Amazon Prime Day is just under three weeks away now and we are well underway with our preparations here at TechRadar. Between updating our main Amazon Prime Day page and highlighting all the best early deals, we thought we’d stop for a second to share some tips…
While there’s a ton of advice we could give on buying everything from 75-inch TVs to a new toaster, we have three general tips for three incredibly common mistakes people make when shopping. Amazon Prime Day. Frankly, it motivates us mad when we see people falling into these incredibly easy to avoid pitfalls and paying too much for technology or getting the wrong products for their needs.
If you’re on the hunt for tech this Amazon Prime Day, read this article quickly – all of our tips are simple and won’t cost you a dime. Even better, they could save you hundreds of dollars in the process.
Just before you jump in, a quick reminder that TechRadar will be your one-stop-shop for Prime Day deals this year. Please bookmark our pages and follow us on relevant social media if you don’t want to miss a single great deal this year. Anyway, let’s move on to the 3 most common mistakes to avoid this Prime Day…
1. Do not wait
Right now, if you type “Amazon Prime Day” into Google, you’ll instantly be presented with hundreds of items rounding up the best early deals. Many editorial sites, ours included, are in full hype right now in preparation for one of the biggest retail events of the year.
Sure, some of these deals are pretty good, but what’s the rush? There are thousands of deals in just three weeks – many of which may offer better alternatives to that cheap TV laptop you’ve already spotted.
Don’t get me wrong, if you’re desperate for a replacement, don’t let us stop you from cashing in your chips early. In general, though, we’d say patience is a virtue when it comes to big retail events like Amazon Prime Day or Black Friday. With the rare exception of things like in-demand Apple products, we hardly ever see things sell. Thereafter we say that if you are buying essential or less in-demand items, there is simply no real risk in waiting to see how things pan out.
A good example of this is the number of decent TV deals that are currently available on Amazon in the US. (opens in a new tab). Don’t get me wrong, these are amazing deals worth putting on your potential shopping list. If you can wait, though, you’ll soon be presented with tons of alternative options – especially at other retailers. Which brings us to our second point…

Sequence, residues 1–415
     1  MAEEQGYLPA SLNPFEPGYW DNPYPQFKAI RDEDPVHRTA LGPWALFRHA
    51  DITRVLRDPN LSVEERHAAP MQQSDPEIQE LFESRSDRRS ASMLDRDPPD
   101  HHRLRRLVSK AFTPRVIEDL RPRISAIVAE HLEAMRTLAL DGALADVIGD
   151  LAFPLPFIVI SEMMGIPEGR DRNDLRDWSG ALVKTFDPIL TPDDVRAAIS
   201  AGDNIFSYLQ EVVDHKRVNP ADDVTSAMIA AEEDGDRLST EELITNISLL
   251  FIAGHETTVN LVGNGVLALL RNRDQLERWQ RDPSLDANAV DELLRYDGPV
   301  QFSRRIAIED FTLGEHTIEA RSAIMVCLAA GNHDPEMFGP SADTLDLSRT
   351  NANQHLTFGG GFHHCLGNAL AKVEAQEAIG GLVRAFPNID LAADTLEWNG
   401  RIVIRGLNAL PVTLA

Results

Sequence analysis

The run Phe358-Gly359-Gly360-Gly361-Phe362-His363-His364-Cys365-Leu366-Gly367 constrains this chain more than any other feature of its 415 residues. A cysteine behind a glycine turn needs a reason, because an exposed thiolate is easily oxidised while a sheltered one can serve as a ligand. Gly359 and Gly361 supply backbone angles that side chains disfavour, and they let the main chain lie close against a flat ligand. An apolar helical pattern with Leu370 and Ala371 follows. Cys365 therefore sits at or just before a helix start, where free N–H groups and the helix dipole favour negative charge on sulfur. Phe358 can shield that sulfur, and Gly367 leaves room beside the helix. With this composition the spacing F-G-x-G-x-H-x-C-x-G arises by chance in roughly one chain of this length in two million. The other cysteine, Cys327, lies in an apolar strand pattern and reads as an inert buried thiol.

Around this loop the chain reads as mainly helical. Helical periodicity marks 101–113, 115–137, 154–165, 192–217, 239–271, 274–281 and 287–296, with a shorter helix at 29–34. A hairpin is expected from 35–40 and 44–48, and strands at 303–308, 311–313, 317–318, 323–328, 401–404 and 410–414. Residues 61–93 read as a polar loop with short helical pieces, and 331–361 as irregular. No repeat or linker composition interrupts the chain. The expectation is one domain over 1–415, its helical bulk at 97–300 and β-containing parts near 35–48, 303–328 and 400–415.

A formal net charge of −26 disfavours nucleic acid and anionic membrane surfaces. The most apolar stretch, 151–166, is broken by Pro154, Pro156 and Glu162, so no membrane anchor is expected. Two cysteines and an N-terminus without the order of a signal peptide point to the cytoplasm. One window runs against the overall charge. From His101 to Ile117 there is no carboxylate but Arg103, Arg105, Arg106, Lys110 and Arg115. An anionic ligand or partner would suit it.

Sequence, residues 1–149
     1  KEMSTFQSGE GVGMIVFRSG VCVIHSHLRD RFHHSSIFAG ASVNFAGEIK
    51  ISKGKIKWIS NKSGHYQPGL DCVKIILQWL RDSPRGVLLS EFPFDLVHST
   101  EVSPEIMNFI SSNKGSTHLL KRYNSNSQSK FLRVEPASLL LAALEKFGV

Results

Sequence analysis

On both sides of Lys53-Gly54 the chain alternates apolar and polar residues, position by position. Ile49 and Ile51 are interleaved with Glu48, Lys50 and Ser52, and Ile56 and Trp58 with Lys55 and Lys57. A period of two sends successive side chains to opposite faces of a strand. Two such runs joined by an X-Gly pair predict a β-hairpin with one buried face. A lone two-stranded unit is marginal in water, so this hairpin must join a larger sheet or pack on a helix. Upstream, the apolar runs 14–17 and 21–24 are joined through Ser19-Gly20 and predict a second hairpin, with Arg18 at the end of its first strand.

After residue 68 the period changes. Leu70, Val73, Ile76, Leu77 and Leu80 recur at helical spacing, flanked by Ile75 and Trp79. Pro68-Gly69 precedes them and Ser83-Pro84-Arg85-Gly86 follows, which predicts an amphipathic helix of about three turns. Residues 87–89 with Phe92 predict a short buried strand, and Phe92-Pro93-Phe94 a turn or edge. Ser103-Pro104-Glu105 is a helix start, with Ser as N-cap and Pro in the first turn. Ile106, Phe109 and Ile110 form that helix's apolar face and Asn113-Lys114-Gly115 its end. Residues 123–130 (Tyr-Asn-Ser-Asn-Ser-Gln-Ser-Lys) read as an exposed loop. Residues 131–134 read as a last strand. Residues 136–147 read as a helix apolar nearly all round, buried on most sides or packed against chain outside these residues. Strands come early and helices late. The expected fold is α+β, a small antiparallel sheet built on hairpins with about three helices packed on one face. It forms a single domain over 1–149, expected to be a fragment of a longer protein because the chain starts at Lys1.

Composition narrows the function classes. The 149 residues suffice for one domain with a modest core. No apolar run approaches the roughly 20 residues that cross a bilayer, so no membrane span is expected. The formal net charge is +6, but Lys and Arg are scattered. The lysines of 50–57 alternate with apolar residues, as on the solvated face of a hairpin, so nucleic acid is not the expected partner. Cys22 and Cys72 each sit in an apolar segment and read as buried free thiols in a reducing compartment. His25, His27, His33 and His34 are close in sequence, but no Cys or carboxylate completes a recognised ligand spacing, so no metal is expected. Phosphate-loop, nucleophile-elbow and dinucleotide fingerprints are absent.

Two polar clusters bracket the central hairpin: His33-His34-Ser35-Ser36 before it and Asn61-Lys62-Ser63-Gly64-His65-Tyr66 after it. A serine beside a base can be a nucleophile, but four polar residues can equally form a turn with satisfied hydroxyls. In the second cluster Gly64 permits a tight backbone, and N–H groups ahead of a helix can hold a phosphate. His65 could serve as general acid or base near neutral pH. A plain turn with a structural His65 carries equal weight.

Amazon Prime Day is all about Amazon, isn’t it? Bad. Well it is most true, but you’d be surprised how many other retailers will be offering really great deals during the event. You can certainly expect Walmart and Best Buy (Currys and John Lewis, UK) to match prices and in some cases offer very solid alternatives to Amazon during Prime Day, often without the need to sign up for an expensive membership program.
So if you’re looking at this cheap Chromebook on Amazon, be sure to take a quick look at the deals from Best Buy or Walmart on Prime Day, as well as other major retailers like Dell or HP. You might be surprised to find a list more suited to your needs overall.
If you want to cheat on this step, just follow TechRadar’s Prime Day coverage this year. We’ll be sorting through thousands of deals here on everything from cheap air fryers to 8K TVs – and not just on Amazon either. If we spot a better deal at another retailer, we’ll be sure to highlight it, just so you get the full picture this Prime Day.
3. Not checking price history
Let us tell you a secret – you can actually check for yourself if a Prime Day deal is legit – and it’s really easy to do. You will need a price tracker such as CamelCamelCamel and the ASIN of the product in question.
The ASIN code is what is called the “standard Amazon identification number” and it is usually found in the product URL – which can be found in the address bar of your web browser at the top of the page.
What you are looking for is a ten digit code that starts with “B0”. Grab this Apple iPad Pro 11 on Amazon for $749 (opens in a new tab), for example. Its ASIN code is B0932B5NVD.
To track product price history, simply copy and paste this code into CamelCamelCamel or a similar price tracking site. Once you do that, you’ll be able to see if that product has been cheaper over the last few months and if that Prime Day deal is actually a deal or a dud.
Another option is to install an add-on to your browser that automatically searches for the ASIN while you browse Amazon. Again, CamelCamelCamel offers an easy-to-use Chrome add-on, but there are plenty of other add-ons to consider as well.
Now, with all of this price tracking stuff, it’s worth noting that Amazon tends to make it clear if the deal is at its lowest price in the last 30 days or so. Generally speaking, most Amazon Prime Day deals are really legit across most categories and decent enough purchases. Still, if you weren’t familiar with this price tracker, it can be quite powerful in proving context as to why an offer is decent.
Again, it’s worth repeating that TechRadar will check prices, compare them, and leverage our extensive team knowledge resource to tell you exactly what’s a bargain and what’s worth skipping. If you’re looking for product reviews, we’ve got an extensive library here, so definitely make good use of our site and additional editorial coverage this Prime Day.